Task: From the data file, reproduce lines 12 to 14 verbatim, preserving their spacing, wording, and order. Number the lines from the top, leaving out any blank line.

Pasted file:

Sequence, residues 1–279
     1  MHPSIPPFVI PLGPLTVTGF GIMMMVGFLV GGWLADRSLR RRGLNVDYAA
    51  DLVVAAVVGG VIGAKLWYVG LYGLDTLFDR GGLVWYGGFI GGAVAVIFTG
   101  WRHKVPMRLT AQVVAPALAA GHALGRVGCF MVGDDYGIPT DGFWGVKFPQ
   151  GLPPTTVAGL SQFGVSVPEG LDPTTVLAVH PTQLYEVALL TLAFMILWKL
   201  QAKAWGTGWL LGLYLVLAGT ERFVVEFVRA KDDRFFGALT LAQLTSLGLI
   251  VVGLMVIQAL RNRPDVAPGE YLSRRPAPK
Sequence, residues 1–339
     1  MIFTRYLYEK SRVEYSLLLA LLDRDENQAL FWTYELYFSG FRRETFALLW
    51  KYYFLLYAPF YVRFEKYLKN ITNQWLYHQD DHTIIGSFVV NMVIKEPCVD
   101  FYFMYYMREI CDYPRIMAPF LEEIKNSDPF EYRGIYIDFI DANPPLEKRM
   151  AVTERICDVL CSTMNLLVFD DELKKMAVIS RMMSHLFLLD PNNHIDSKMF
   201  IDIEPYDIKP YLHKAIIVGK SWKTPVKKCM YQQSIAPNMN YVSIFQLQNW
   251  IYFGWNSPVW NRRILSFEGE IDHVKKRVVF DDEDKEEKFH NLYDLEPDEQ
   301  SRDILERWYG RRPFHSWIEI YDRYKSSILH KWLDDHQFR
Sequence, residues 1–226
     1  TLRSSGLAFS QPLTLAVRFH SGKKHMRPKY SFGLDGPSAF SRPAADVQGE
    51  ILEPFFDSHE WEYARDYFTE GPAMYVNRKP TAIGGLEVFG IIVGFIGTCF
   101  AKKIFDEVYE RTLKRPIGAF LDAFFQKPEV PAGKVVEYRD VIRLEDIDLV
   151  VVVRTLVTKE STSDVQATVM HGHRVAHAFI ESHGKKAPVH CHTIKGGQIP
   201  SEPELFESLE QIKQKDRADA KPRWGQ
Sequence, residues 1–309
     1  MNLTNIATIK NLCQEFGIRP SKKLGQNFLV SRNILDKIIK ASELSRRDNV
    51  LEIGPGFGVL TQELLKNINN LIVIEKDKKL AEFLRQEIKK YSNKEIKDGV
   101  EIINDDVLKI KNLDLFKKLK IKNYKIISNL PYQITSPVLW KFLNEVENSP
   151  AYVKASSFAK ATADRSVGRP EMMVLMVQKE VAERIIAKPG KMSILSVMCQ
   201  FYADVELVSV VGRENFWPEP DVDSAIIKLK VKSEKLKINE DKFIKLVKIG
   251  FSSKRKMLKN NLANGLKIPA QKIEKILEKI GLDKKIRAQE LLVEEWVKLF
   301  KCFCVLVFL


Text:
   151  AVTERICDVL CSTMNLLVFD DELKKMAVIS RMMSHLFLLD PNNHIDSKMF
   201  IDIEPYDIKP YLHKAIIVGK SWKTPVKKCM YQQSIAPNMN YVSIFQLQNW
   251  IYFGWNSPVW NRRILSFEGE IDHVKKRVVF DDEDKEEKFH NLYDLEPDEQ